The fundamental problems are all the participants compete with one another and they’re uniting around an admittedly least common denominator specification (we’ll assume for the moment the spec is coherent and can be implemented consistently – a generous assumption).  In the days of yore when UNIX roamed the earth, vendors would gather together on stage on Monday to praise their commonality, sing Kumbaya and then have to go out and compete with each other for the rest of the week.  One of the ways they competed with one another, not surprisingly, was to differentiate their products, which tended to undermine the commonality claim.  The OpenSocial announce is deja vu all over again, right down to the bickering over whether the target of the announce was or was not in fact invited to participate.

Now, if you’re one of the small social networks participating, there is probably nothing but upside for you.  You likely get more applications for your service than you would otherwise.  But the bigger players are where it falls apart.  When I first drafted this post, I had a line about there undoubtedly being many messengers from the OpenSocial camp prostrated before MySpace representatives.  That begging obviously was successful and MySpace endorsed the spec today.  For MySpace,  it was an cheap opportunity to steal some of the spotlight back from Facebook.  Beset by slowing growth and the loss of cool kid status to Facebook over the last year, it was an easy PR gesture to make.  What’s not to like about being anointed kingmaker and people writing that your major competitor may be on the ropes because of a press release?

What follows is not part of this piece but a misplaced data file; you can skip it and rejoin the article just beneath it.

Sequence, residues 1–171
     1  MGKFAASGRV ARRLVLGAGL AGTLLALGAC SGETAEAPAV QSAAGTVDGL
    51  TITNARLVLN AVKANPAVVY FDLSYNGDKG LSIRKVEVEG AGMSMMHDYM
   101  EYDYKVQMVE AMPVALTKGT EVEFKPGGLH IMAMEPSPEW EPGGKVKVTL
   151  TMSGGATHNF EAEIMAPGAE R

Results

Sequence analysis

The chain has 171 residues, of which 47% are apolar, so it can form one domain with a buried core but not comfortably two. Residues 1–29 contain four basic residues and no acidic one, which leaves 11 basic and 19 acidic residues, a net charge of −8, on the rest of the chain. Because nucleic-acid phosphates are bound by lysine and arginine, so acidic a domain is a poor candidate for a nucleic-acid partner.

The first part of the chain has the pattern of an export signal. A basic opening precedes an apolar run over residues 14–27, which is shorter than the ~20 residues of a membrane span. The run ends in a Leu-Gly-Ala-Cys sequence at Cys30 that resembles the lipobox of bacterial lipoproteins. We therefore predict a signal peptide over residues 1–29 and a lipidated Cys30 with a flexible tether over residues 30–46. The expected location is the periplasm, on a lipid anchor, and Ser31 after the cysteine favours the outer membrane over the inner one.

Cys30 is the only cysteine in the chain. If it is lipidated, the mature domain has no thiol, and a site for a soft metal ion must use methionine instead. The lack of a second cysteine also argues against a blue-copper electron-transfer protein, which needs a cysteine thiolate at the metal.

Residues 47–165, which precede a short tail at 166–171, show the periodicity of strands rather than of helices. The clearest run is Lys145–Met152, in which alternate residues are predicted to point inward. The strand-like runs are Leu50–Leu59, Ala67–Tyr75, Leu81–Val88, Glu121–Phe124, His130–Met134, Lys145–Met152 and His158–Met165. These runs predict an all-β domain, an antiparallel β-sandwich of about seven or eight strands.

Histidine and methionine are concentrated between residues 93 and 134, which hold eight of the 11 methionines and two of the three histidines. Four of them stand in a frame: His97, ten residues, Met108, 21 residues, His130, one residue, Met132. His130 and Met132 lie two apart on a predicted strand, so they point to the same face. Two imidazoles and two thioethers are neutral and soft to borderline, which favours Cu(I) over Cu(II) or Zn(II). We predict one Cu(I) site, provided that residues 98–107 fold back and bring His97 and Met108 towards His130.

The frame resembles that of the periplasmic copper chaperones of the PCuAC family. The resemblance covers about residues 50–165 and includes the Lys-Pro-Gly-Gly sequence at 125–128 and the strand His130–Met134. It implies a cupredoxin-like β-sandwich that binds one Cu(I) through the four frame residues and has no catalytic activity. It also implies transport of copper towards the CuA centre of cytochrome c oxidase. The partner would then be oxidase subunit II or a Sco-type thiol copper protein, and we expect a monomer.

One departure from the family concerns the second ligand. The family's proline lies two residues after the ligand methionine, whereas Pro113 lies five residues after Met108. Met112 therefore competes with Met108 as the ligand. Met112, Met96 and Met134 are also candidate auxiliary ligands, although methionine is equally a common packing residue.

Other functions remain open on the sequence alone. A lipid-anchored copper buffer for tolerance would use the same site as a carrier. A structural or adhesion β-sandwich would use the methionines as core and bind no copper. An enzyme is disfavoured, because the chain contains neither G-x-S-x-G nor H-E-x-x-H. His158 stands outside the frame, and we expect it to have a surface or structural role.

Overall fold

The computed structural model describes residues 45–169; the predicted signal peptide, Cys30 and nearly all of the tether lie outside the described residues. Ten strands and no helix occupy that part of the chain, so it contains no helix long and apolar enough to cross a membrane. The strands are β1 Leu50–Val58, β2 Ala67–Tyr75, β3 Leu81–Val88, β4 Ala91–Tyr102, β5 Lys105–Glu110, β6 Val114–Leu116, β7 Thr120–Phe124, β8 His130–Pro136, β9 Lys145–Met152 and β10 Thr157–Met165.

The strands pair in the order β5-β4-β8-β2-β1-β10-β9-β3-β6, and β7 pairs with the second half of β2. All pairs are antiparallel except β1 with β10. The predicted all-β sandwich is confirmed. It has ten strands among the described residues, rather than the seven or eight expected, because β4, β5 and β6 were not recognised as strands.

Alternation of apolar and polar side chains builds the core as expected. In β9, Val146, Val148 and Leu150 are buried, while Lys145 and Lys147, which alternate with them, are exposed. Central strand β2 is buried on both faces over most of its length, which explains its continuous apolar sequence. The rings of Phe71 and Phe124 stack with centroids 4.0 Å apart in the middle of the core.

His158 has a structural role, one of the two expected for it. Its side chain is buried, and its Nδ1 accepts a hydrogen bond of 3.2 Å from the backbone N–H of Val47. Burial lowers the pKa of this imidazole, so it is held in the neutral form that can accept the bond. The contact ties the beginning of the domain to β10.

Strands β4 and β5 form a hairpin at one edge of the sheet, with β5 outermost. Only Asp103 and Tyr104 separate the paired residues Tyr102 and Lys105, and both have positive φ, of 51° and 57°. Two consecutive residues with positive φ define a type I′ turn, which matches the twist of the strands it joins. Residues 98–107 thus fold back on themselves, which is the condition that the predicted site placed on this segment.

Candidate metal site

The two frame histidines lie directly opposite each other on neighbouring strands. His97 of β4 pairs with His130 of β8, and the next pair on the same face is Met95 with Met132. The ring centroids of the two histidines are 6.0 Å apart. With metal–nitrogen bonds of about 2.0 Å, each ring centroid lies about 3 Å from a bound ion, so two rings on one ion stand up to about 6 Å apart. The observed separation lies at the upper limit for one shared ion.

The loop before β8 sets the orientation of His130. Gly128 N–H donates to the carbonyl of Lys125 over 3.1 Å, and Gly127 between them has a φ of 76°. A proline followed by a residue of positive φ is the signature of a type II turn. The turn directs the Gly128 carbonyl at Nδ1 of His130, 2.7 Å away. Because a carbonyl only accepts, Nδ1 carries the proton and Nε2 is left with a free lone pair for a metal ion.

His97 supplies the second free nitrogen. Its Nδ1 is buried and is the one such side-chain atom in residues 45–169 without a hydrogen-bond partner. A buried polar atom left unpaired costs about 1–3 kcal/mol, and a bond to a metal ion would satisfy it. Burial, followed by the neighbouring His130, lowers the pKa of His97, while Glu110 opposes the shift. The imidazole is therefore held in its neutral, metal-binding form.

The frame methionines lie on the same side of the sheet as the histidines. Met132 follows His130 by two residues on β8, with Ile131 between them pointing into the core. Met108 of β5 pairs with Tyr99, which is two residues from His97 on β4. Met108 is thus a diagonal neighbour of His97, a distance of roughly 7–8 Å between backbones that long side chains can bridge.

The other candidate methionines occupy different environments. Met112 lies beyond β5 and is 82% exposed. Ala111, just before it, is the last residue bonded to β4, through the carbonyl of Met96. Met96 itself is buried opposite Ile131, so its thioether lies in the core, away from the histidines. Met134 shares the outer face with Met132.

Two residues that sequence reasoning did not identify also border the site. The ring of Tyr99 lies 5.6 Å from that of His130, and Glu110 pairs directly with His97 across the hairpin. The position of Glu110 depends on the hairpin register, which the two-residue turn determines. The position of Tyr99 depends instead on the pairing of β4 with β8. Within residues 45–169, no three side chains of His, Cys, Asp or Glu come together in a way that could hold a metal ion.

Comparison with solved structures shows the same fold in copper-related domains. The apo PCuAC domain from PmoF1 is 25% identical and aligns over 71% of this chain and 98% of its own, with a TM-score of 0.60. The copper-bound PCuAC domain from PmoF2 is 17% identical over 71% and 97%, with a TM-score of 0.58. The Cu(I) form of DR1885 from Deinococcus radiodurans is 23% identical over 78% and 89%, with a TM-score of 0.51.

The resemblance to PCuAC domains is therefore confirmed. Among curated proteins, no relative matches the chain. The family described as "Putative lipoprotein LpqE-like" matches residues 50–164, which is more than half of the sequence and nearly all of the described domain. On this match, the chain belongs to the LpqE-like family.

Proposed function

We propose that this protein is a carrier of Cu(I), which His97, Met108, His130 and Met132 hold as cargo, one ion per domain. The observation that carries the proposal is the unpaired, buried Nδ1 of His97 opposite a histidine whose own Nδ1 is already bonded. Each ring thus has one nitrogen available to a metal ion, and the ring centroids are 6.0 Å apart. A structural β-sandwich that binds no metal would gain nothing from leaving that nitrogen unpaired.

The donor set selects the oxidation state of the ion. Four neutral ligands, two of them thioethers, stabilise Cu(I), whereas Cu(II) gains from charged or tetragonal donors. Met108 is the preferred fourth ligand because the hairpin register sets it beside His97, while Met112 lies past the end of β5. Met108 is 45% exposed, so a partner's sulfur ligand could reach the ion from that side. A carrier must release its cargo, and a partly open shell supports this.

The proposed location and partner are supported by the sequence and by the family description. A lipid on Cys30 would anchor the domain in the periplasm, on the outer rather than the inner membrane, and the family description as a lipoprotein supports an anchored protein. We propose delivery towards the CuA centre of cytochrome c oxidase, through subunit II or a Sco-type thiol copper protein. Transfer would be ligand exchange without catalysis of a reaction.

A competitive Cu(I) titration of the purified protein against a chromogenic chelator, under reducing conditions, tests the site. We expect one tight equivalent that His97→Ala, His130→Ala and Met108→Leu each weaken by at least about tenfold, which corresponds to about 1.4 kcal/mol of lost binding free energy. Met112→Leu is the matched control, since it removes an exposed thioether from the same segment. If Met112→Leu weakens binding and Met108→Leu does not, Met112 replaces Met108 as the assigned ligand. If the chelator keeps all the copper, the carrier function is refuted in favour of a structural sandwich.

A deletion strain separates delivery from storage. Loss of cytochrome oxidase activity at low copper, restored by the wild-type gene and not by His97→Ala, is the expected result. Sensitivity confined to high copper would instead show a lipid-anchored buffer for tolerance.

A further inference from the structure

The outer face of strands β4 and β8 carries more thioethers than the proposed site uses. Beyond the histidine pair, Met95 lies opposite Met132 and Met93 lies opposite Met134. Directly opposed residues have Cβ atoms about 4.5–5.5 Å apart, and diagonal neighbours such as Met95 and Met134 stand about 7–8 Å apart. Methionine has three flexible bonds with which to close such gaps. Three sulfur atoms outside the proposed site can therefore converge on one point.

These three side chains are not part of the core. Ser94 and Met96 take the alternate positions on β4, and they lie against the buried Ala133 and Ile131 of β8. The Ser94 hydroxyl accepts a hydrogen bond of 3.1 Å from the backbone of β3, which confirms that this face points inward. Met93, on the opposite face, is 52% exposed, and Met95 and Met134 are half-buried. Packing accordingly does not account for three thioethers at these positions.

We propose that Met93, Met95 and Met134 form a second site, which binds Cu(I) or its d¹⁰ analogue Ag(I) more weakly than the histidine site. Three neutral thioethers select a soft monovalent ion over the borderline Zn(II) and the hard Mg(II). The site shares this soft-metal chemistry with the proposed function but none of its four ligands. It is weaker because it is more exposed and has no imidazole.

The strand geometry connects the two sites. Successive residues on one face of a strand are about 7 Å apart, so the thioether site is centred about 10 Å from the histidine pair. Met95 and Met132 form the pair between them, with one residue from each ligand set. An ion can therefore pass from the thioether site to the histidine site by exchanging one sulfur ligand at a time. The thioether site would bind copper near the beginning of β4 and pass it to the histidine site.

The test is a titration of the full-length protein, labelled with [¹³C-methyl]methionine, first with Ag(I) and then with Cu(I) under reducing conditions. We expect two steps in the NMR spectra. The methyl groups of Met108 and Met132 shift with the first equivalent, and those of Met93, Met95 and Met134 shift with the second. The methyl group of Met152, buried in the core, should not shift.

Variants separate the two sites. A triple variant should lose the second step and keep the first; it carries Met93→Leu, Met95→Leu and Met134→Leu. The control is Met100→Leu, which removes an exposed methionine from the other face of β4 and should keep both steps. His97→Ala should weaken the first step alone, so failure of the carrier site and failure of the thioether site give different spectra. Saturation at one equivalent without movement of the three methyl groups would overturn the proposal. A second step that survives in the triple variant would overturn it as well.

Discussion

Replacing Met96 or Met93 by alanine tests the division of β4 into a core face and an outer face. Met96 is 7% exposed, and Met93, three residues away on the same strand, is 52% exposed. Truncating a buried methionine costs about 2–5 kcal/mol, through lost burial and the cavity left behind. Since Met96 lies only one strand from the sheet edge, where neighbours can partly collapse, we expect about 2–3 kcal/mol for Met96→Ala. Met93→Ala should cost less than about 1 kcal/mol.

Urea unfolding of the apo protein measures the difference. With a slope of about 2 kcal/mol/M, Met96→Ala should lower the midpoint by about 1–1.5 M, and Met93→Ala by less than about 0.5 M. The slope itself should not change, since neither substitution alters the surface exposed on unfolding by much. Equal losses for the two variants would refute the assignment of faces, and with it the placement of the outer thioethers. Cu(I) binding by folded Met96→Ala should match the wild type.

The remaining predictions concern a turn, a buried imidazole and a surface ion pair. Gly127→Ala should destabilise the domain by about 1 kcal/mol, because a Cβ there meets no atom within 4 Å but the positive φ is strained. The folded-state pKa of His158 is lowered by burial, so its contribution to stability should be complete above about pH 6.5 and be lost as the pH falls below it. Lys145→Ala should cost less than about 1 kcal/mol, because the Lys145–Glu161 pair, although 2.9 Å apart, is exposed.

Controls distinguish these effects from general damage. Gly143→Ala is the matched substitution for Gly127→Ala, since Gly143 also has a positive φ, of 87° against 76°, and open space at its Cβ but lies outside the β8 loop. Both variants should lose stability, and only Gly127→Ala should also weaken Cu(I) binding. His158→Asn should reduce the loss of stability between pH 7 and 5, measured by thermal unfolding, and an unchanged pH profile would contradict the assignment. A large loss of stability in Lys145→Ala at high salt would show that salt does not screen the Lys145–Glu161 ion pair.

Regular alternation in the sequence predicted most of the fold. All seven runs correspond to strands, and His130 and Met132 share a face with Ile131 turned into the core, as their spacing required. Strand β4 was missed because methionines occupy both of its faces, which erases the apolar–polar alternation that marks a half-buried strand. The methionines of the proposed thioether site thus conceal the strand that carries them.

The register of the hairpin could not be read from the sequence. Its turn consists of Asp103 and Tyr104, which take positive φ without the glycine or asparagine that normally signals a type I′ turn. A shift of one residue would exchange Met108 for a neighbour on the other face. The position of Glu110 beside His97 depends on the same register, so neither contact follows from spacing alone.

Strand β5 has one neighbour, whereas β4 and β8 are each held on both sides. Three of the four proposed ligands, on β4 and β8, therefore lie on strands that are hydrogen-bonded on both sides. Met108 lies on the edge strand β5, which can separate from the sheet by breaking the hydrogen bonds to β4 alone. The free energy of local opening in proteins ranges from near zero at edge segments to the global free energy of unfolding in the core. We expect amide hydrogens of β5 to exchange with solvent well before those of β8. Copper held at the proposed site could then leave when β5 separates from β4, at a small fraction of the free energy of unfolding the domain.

The real test is what happens when MySpace rolls out their platform.  Will they really limit themselves to the least common denominator spec?  Might they not expose some of their unique functionality to developers?  Could they have their own, richer widget model as well as supporting OpenSocial?  Given their historic resentment towards services built on the back of their user base, might they not want to have some control points for which applications are accessible?  Will they leave the monetization to the application developer like Facebook does?  Are they really more committed to “openness” than using their scale for competitive advantage?

From a developer perspective, many of the Facebook apps were developed in just days or weeks and if MySpace offers additional functionality that lets developers differentiate or offer MySpace users better integration, they’re likely to quickly take advantage of those MySpace-specific functions.  Even if that model is (horror of horrors!!!) “proprietary”.  Because OpenSocial does not facilitate viral adoption of applications across networks, developers are likely to focus their efforts on the network with the largest user base and that is MySpace by a mile.  I suspect most of the developers who play around with OpenSocial in the meantime will decamp and focus on MySpace when their platform arrives.  But enjoy the frenzy in the meantime.  Like many announcements before it, you can bask in the “openness” for a while, at least until business considerations kick in.

3 thoughts on “Pulling Out the Old Playbook

  1. Joe W.

    "Failing that, gather up the rest of the also-rans and band together against the dominant player."For example, Microsoft buying Yahoo to compete with Google.